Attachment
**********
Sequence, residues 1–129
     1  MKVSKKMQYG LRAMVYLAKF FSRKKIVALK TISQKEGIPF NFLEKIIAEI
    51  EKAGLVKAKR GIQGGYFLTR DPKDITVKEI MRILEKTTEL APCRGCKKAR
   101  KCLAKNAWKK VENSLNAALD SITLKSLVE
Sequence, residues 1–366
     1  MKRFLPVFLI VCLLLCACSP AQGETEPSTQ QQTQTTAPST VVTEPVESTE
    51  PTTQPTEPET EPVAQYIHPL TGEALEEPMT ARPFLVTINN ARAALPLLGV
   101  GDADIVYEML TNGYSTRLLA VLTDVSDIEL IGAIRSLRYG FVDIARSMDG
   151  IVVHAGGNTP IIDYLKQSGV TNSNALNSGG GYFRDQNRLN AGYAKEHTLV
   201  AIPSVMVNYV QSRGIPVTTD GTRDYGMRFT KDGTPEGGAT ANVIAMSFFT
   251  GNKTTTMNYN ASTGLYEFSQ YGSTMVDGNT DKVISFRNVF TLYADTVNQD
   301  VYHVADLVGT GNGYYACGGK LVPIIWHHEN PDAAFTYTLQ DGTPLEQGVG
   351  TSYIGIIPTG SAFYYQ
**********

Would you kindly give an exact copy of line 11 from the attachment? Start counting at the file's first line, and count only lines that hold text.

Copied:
   251  GNKTTTMNYN ASTGLYEFSQ YGSTMVDGNT DKVISFRNVF TLYADTVNQD